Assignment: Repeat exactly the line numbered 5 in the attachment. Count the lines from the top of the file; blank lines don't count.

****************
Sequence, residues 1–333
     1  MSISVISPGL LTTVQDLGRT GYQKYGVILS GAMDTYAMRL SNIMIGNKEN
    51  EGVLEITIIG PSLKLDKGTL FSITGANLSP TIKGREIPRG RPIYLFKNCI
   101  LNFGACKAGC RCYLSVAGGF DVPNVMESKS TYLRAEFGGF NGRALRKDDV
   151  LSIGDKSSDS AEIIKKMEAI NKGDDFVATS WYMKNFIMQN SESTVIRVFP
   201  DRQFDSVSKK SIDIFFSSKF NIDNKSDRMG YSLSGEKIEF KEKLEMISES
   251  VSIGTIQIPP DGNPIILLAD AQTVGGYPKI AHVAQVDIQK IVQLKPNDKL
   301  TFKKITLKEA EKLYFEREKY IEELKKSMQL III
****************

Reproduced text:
   151  LSIGDKSSDS AEIIKKMEAI NKGDDFVATS WYMKNFIMQN SESTVIRVFP